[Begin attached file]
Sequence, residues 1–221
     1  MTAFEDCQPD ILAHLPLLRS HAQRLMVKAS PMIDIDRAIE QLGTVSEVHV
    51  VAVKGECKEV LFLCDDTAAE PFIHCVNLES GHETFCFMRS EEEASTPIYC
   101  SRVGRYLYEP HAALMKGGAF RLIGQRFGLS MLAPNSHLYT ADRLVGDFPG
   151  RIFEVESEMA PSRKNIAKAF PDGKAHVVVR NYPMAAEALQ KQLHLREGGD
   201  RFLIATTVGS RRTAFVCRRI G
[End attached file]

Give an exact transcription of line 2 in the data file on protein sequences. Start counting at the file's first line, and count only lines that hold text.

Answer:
     1  MTAFEDCQPD ILAHLPLLRS HAQRLMVKAS PMIDIDRAIE QLGTVSEVHV